Force Quit on your Losing Streak

Almost a month in, and I’ve stuck to the most important of my new year resolutions: to grow in faith. At the end of last year, I was at odds with relationships in my life and wanted to turn everything over to God. Not only would dedicating the New Year to God bring me closer to Jesus, I felt doing so would also give me the answers I needed to mend the troubles I was having.

2017

In order to hold myself accountable, I made a list of 12 people in my life I wanted to either improve my relationship with or needed to forgive; I make a similar list of 12 topics I wanted to focus on, in order to be a better Christian. I decided I would consciously pray each day for the person I dedicated that month to, and would read specific scripture each day addressing the topic of the month.
The list included subjects such as my parents, my sister, specific friends, my desire for a boyfriend, and working to overcome the negative perception of news. Topics included forgiveness, jealousy, worry, judgment, and being enough for myself.

What I’ve learned in my first month is that both mending and growing relationships, with people and God, takes time. I approached the resolution with optimism and was quickly rewarded with lines of open communication between me and the person I chose for January. But praying and reading the Bible does not automatically grant me positive mending every day. I’ve learned this is a process – there will be days I feel I’ve taken a step back. Yet, overall, I feel more complete. In just one month, a peace has overcome me. While I know there will be days and months full of ups and downs in 2017, I also know I have a God that I can always turn to. And as I grow in this journey, I hope to learn how to better listen and hear His voice, in all the times I turn to Him.

 

Disclaimer: I have not stuck to my resolutions to practice French twice a week or practice piano three days a week.

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God Bless Texas

“I have said that Texas is a state of mind, but I think it is more than that. It is a mystique closely approximating a religion. And this is true to the extent that people either passionately love Texas or passionately hate it and, as in other religions, few people dare to inspect it for fear of losing their bearings in mystery or paradox. But I think there will be little quarrel with my feeling that Texas is one thing. For all its enormous range of space, climate, and physical appearance, and for all the internal squabbles, contentions, and strivings, Texas has a tight cohesiveness perhaps stronger than any other section of America. Rich, poor, Panhandle, Gulf, city, country, Texas is the obsession, the proper study, and the passionate possession of all Texans.”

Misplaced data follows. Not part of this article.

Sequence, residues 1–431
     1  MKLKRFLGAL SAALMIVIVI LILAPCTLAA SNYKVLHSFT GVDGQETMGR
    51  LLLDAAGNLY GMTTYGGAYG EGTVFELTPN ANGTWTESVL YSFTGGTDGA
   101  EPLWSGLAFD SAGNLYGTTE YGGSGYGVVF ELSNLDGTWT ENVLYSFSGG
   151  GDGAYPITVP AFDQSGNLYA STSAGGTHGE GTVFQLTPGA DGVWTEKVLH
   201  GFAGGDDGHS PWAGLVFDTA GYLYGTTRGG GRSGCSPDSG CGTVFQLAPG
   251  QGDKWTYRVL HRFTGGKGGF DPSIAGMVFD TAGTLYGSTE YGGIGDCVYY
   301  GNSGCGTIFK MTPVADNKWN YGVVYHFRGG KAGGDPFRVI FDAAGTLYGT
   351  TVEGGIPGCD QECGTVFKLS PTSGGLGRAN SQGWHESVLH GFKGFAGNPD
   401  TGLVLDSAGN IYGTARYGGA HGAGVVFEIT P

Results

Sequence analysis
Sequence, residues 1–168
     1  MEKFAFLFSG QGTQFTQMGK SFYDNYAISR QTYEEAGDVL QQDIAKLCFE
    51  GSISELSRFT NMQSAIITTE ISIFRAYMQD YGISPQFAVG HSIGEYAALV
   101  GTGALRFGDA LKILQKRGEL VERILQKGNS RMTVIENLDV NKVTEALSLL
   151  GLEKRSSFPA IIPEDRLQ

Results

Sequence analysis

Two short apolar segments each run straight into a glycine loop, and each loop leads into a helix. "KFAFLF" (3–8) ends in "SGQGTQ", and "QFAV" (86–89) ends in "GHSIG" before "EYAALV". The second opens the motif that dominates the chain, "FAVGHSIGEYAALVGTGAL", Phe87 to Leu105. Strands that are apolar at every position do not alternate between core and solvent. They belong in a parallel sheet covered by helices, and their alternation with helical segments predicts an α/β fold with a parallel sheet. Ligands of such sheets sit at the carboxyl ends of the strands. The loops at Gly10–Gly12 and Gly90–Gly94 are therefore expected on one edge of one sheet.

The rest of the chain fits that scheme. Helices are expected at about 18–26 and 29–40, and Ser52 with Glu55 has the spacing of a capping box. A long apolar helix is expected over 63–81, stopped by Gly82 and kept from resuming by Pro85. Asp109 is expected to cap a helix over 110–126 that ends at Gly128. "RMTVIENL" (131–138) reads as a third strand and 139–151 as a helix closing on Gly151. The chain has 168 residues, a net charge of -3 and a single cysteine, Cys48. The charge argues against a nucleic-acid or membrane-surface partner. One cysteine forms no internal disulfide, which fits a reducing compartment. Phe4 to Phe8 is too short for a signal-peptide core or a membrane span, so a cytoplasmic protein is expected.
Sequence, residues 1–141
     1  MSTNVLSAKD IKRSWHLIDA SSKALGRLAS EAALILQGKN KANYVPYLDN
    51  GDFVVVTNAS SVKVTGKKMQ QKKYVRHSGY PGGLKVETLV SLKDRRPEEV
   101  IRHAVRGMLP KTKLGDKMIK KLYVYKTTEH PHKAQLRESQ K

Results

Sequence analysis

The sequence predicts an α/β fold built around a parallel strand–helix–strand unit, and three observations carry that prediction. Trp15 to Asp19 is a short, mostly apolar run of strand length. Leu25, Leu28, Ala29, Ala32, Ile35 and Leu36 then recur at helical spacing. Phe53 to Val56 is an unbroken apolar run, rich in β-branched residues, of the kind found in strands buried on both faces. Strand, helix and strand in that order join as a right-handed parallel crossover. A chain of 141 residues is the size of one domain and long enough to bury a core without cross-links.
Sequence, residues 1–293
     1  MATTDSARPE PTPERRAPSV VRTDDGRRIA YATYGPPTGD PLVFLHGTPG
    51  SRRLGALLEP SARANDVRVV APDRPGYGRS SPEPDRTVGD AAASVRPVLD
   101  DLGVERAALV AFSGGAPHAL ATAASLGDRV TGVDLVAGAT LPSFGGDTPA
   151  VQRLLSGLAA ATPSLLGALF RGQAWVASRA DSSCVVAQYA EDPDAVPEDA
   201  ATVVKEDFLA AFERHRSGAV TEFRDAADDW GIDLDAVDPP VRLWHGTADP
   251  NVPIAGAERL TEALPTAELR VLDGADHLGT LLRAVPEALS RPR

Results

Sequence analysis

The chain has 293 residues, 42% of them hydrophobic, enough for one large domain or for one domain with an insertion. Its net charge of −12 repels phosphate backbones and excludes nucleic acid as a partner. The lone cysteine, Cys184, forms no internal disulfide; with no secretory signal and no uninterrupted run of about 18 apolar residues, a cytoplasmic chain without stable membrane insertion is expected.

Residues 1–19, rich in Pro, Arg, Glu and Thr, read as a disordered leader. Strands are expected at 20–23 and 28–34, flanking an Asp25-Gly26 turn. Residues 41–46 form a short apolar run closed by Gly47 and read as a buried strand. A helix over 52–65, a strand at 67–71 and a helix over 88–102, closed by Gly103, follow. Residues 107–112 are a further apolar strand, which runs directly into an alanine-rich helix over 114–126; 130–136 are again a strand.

– John Steinbeck, Travels with Charley: In Search of America

It’s been six months since I’ve moved to Austin, and I’m more in love with Texas than ever before. When I moved to Lubbock 5 1/2 years ago, I questioned why all my classmates were obsessed with the state. I didn’t have anything against Texas, but their obsessive love made me defend my belief that it was “just a state,” as was every other state. Nothing special.

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At work a few weeks ago, my boss interrupted me to point out, “the girl from Ohio is wearing a Texas necklace.” The tables have turned.

A week before receiving the gold chained state with a heart precisely where Austin resides, I gushed to my cousins about how great Texas is, in an attempt to get everyone to move to my oasis. The truth is, I’ve become that boastful Texan, proud to flaunt my license and ready at any moment to talk about my Lone Star home.

But I don’t think the expansive landscape is what caused me to fall head over heels; it’s that, this place I call home, is what shaped me into the woman I am today. Stepping out from everything I knew at 18, to come to Texas for school, alone, forced me to define who I wanted to be.

Now, more than five years later, I can look back and see the transformation and growth my life has lived. I am proud of whom I’ve become, what I stand for, how I present myself, and where I foresee myself going next. Discovering myself has brought happiness to my life, and recognizing that happiness makes me want to help others find their happiness, which, spoken like any good Texan, means moving South.

Happiness to Last

“Is happiness merely a passing emotion, or a permanent state?”
In my daily devotion book yesterday, it explained, both states exist.

“There is happiness that reacts to events (this is temporary and volatile), and there is happiness that overrules circumstances (which is strong and lasting).”